It is hard to accept that there will always be those whose hearts are hardened against the Love of God, and who will continue to ridicule and mock Him; convinced in their own minds of their superior viewpoint. However, man may scoff all he likes; God will have the last word. Those who have rejected Him have chosen autonomy over obedience, and their choice will then be met by His holiness and justice instead of forgiveness and grace. Eventually every knee will bow to Him, even the scoffers. How sad for them that they will never know the joy of peace with God.
In spite of all that man does (including many who profess to know God) to counter-act the love of God in the world, He is still present and active. Over the ages He has shown Himself in many ways according to the prevailing accumulated wisdom and sophistication of men at the time: through scripture and theophanies, through voices, dreams, and prophets. Finally, in the Incarnation, He has shown us His final and deepest revelation: Himself in human form. Jesus said: “I and my Father are One” (John 10:30)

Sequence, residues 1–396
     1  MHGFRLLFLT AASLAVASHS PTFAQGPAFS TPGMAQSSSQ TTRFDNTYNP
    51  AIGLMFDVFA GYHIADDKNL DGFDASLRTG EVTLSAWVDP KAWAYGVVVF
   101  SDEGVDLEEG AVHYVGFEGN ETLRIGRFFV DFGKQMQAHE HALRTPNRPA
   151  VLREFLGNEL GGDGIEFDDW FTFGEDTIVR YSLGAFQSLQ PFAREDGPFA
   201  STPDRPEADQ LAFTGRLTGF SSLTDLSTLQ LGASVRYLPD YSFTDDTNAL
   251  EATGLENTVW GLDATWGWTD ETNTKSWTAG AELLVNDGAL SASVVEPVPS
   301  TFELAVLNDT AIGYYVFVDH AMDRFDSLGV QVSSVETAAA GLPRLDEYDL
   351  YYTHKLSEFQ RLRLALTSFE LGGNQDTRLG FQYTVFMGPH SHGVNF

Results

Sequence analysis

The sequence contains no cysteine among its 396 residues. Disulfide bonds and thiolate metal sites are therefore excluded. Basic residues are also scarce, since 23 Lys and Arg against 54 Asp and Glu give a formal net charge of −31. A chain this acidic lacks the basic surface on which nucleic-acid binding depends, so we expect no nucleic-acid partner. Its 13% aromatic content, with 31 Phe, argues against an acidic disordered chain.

By this you know the Spirit of God; every spirit that confesses that Jesus Christ has come in the flesh is of God.” (1John 4: 2) With the scriptures and the life, death, and resurrection of the Christ, we know all of God it is necessary to know. Ultimately, it is Love which He has shown us, and it is Love that most closely defines Him.
When we think of death we often imagine ourselves waking on the other side and seeing His face. Will He be still in human form, only glorified? Will He be a bright light or a thunderous voice? I have no real information other than assumption ~ but what I do imagine is that in my new form His Love will be assimilated into every part of me, and the bottomless chasm in me and every human who longs for unconditional love will finally be filled. The light of His holiness will insure that the darkness of sadness and pain will be gone forever. I have no real idea what we will do for eternity; I have no idea if we will be even remotely as we have been on earth. I do know that we will finally understand the fullness of Love and Light and Life ~ and that the Lord Jesus Christ will be in our midst forever and we will worship Him.
Ultimately, none of this is relevant to me at the moment. I am still earthbound, and unfortunately still fettered to my old nature. My task until the end has been made clear: to love the Lord my God with all my heart and soul and mind, and my neighbor as myself. That is quite enough to handle. My prayer is that I will be a clear channel: a representative of Christ, and a grateful reflection of the Love of God.